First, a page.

If the purpose of art is to wash the dust of daily life off our souls, the mission of a Burning Man Theme Camp is to create a home that settles into the dust and adapts. People come to the Black Rock Desert to test themselves. It’s been our academy for learning how to plan, transport, build and manage a community in a frequently inhospitable environment. The lessons we’ve learned on the playa give us the grit to take on logistical challenges in the default world that would not have seemed possible before we learned how to weather whiteouts, 50-mph wind gusts, and unnavigable mud.
Our research outpost on the playa is a Theme Camp called Soft Landing that was created in 2011 and has attempted since then to live up to the promise of its name. Last year we welcomed 150 campers into our 200′ by 150′ allotment. Thousands of guests visit our two primary art projects, the Full Circle Tea House and the Palenque Norte speaker series. First located at 9:15 and B, we have been steadily relocated further back towards F by the sometimes unknowable hand of Placement, but visitors find us year after year. We arrive on playa to serve tea to builders a week before Burning Man begins, run the Tea House 24/7 after the gate opens, and stay for an average of fifteen days.
Chris Pezza and I have served as camp managers for Soft Landing since its inception — together with our cheerful friend Tryp who acts as camp mayor and internal placement director. When you need to ask a group of tired people to please move their tents seven feet to the right in the middle of the night, you need a person like Tryp to make that task seem joyful. This year, Chris and I are retiring as camp managers and launching a long-planned exit strategy to hand the camp off to Tryp and Starfox, our respected and resourceful truck driver, who will hopefully guide Soft Landing forward for years to come. I’m also marking my 20th consecutive year on the playa in 2016. If playa years are like dog years, I’m a 140-year old Burner. Permit me the prerogative of age to make a few unvarnished observations about Theme Camp management that we are passing along to our successors.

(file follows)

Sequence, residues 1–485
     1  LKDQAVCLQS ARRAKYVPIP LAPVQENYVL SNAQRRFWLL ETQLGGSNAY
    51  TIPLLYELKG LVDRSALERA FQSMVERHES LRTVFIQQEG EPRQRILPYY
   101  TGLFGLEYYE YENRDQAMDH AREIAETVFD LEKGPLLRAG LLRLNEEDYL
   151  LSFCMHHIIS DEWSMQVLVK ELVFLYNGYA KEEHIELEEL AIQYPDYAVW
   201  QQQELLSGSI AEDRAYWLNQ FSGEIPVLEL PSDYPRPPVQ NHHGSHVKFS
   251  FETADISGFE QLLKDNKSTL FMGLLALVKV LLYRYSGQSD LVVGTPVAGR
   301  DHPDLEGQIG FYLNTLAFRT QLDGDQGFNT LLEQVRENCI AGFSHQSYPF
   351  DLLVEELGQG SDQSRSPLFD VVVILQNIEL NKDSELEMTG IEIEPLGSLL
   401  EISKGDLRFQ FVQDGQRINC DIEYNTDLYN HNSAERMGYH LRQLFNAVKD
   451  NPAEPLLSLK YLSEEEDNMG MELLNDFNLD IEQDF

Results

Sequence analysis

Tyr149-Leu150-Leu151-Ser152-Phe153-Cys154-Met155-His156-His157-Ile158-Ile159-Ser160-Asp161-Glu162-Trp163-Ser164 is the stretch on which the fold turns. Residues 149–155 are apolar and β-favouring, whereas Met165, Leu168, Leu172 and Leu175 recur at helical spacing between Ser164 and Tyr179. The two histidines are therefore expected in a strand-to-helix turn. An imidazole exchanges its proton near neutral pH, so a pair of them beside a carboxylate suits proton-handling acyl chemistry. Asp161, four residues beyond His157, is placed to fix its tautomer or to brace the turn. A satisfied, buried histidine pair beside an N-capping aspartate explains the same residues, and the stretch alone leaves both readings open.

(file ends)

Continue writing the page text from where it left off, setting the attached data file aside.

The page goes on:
The most concise descriptors of our camp management strategy are these: Organized yet decentralized, technologically innovative, aspirationally self-sufficient and focused on the well being of others. All Theme Camps are different, but these guiding principles work for us. Soft Landing has always had a group of committed managers willing to take on the laborious tasks of storing camp gear, submitting a camp application, allotting preferred ticketing, vetting prospective campers, collecting dues, managing a camp bank account, renting trucks, organizing load and build crews, arranging fuel and water deliveries, and managing disputes to ensure that we remain friends throughout it all. The managers wrangle logistics, but the camp is organized into neighborhoods, each headed by a designated leader who collaborates with managers on behalf of their tribe. These leaders tell us who they expect in that year’s tribal cluster, how large a footprint their group needs, and what kind of structures they plan to erect. Managers and leaders create a camp layout based on this information which Tryp uses to greet and guide campers to their neighborhoods when they arrive at Soft Landing.
Soft Landing does not have a central meal plan, but we do set up a collective kitchen. Many of our neighborhood groups also run their own kitchens, a decentralized approach that eliminates long lines of people eating on someone else’s schedule. We ask each neighborhood to bring their own power source, food and water and haul out their own gray water and trash. Setting these expectations leads to a culture of self-sufficiency that attracts low maintenance, hard working camp members who are often over-prepared and willing to help one another. We do hire a chef to feed our build crew and make our own sauerkraut to be hospitable to our microbiomes. Since 1999, members of Soft Landing have also subsidized the internet access used by all Theme Camps on the playa, and we run an open access point for our campers, neighbors, and Tea House guests. Our Palenque Norte speaker series promotes access to information by offering presentations from notable thinkers and artists. People of all generations camp with us which we take as a sign of a healthy, thoughtful community. When a member of our camp dies during the preceding year, we walk together to the Temple and hold a ritual for them.